Piano-vocal duos were popular in local markets in the late 1950s. The club trend began with the success of singer Jackie Cain and pianist-singer Roy Krall in the late 1940s. Jackie and Roy, as they were known by the early 1950s, mixed jazz vocalese, playful banter and hip harmony, not to mention great songs. A chunk of their book was written by Fran Landesman and Tommy Wolf (Spring Can Really Hang You Up the Most, Ballad of the Sad Young Men, Night People and others), with Roy doing the clever arrangements.

Other well-known pairings of a male and female singers on songs that were conversational in tone were King Pleasure and Blossom Dearie on Moody’s Mood for Love (1952), King Pleasure and Betty Carter on Red Top (1952), Matt Dennis and Virginia Maxey on We Belong Together (1954), Julie London and Bobby Troup at clubs in 1956 among others.


Add to the list Dick and Kiz Harp, a married couple in the late 1950s and 1960 who ran a Dallas club called the 90th Floor. Despite its lofty name, the club was in a former warehouse. The name came from a Cole Porter song (Down in the Depths of the 90th Floor), which they sang routinely for audiences. Their magic rested on Dick’s tasteful, syncopated piano accompaniment and Kiz’s fizzy treatment of standards and original material. They hoped to gain national recognition by emulating Jackie and Roy’s ease, grace and musicianship. Touring musicians and singers such as Marlene Dietrich and Tony Bennett were supportive fans and had spread the word. [Photo above of Dick and Kiz Harp with Buzzy Mills on trumpet and Kiz playing brushes]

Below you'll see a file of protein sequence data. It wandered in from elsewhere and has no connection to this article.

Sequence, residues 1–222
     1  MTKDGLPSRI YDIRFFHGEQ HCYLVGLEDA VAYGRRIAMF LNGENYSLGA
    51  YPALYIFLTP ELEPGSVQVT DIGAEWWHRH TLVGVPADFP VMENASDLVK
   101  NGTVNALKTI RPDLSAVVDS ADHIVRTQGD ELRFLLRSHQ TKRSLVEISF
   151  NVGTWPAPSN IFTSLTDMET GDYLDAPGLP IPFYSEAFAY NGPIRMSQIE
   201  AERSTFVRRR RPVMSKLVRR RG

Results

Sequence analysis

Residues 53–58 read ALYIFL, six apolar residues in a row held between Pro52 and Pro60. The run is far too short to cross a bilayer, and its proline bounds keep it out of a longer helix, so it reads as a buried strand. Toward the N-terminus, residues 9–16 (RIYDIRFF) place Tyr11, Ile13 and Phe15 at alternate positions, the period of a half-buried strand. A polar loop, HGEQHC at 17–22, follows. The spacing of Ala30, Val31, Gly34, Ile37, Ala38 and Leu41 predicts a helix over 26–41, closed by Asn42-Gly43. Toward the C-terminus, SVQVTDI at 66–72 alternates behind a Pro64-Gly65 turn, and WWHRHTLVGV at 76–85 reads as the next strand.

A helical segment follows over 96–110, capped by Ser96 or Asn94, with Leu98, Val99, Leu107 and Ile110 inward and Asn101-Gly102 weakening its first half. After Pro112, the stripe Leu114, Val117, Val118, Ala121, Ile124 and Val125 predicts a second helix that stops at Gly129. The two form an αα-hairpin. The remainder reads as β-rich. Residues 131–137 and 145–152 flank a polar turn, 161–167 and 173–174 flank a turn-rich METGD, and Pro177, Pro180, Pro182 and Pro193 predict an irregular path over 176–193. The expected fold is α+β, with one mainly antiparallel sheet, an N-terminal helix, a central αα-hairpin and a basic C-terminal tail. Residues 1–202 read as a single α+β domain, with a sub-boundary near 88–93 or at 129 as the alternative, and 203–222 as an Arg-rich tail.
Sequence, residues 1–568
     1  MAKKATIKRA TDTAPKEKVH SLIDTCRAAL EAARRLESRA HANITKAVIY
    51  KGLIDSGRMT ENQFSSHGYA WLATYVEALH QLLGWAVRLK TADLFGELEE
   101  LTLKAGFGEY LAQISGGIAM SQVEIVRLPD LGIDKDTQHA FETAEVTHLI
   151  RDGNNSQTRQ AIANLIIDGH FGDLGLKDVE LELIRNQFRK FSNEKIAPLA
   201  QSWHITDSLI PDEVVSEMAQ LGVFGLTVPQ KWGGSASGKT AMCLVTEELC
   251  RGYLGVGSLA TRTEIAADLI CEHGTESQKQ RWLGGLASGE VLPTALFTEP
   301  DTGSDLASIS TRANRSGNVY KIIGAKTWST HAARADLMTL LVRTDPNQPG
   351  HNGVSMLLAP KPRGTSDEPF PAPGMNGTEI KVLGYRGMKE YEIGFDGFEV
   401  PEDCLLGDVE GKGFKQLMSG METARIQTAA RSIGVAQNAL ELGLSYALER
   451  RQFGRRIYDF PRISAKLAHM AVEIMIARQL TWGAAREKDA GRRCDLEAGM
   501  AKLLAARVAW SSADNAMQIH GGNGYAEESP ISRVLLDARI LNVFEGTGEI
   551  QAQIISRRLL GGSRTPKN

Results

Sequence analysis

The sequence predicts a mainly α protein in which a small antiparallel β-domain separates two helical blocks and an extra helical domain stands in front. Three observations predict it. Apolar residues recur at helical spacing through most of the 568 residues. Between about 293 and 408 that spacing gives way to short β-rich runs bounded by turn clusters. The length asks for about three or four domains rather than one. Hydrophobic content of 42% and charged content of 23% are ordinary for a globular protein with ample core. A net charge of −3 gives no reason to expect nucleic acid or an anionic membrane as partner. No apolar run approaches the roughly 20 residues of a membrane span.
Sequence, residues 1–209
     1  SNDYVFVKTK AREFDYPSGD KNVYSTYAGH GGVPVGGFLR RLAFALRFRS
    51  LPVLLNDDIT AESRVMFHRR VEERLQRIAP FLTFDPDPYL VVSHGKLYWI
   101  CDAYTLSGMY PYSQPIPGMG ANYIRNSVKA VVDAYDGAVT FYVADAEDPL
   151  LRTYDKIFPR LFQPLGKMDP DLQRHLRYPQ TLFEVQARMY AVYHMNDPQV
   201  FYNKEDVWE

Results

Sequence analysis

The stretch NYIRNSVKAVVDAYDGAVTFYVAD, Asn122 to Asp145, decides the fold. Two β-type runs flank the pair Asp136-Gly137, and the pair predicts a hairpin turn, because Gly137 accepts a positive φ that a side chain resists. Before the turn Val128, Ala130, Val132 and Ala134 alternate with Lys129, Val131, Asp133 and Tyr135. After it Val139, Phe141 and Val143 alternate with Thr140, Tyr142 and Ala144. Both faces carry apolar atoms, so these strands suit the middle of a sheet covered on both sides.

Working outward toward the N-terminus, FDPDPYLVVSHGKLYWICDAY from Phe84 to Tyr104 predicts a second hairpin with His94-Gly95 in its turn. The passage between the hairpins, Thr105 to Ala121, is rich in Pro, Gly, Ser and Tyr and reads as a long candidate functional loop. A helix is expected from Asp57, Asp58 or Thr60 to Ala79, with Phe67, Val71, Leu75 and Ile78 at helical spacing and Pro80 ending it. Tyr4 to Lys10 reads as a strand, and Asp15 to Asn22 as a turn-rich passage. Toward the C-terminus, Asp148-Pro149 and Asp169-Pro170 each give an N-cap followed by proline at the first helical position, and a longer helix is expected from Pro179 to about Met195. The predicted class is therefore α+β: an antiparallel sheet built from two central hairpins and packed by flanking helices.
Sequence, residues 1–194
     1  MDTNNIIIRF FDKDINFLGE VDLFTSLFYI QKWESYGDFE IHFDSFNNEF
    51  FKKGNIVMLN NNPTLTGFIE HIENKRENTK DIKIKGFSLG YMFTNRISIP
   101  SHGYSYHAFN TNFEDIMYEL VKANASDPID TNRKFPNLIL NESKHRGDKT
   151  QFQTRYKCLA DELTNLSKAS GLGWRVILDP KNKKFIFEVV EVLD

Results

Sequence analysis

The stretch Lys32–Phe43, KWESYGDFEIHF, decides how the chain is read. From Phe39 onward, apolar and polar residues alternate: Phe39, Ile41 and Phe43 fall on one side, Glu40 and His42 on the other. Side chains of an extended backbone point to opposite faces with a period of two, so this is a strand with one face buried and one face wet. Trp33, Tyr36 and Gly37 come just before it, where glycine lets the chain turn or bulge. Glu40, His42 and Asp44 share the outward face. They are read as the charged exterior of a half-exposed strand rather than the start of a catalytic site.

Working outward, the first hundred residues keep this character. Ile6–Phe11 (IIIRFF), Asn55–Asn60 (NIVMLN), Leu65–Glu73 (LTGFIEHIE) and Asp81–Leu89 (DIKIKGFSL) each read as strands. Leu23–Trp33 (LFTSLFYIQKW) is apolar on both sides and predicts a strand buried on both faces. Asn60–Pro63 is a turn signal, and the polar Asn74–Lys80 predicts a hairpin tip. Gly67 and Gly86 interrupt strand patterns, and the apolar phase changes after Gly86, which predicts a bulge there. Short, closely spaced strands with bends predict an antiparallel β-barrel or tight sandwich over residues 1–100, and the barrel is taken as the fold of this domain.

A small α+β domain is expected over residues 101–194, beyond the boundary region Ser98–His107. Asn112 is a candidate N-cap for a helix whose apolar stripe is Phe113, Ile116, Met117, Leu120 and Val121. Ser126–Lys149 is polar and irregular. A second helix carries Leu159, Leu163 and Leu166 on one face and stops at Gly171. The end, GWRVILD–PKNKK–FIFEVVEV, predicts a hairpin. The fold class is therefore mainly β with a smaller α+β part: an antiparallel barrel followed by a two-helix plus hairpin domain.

Dick and Kiz came close in 1960 before tragedy struck. With an album out and talk of a tour, Kiz died suddenly of a cerebral hemorrhage at age 29 in December 1960. The news shocked celebrities as well as locals, including Bruce Collier, who had been recording them live and fully expected them to catch on. After Kiz passed away, their club went under and Bruce’s 90th Floor Records was shuttered. At 23, he had been drafted.


Dick powered on alone. He performed locally as a club singer and pianist and recorded just once more, in 1978, on an album called The 90th Floor Remembered, backed by Allan Rogers (b) and Banks Dimon (d).


Based on the 1958-59 material released by Bruce, Dick and Kiz Harp were playful and hip, but they needed a bit of work. They were engaging and skilled, but they seemed more rooted in cabaret than jazz. In short, they lacked Jackie and Roy’s jazz cunning and sexiness. Their material was almost there but not quite the big time. All of that said, we’re darn lucky Bruce recorded and released two albums of their performances. Without his devotion, we’d have no record of their performances and chemistry just as they were poised for a shot.


JazzWax tracks:
The two albums released by Bruce on 90th Floor records are At the 90th Floor (1958-59) and Again ! At the 90th Floor (1958-59), with the latter being the better effort. You’ll find both albums here

JazzWax clips: Here’s a medieval medley of George Terry’s impossibly hip Dearest, Darest I and Richard Rodgers and Lorenz Hart’s Thou Swell

Dearest, Darest I/Thou Swell

And here’s Kiz Harp singing Spring Can Really Hang You Up the Most, accompanied by her husband Dick…

Spring Can Really Hang You Up The Most


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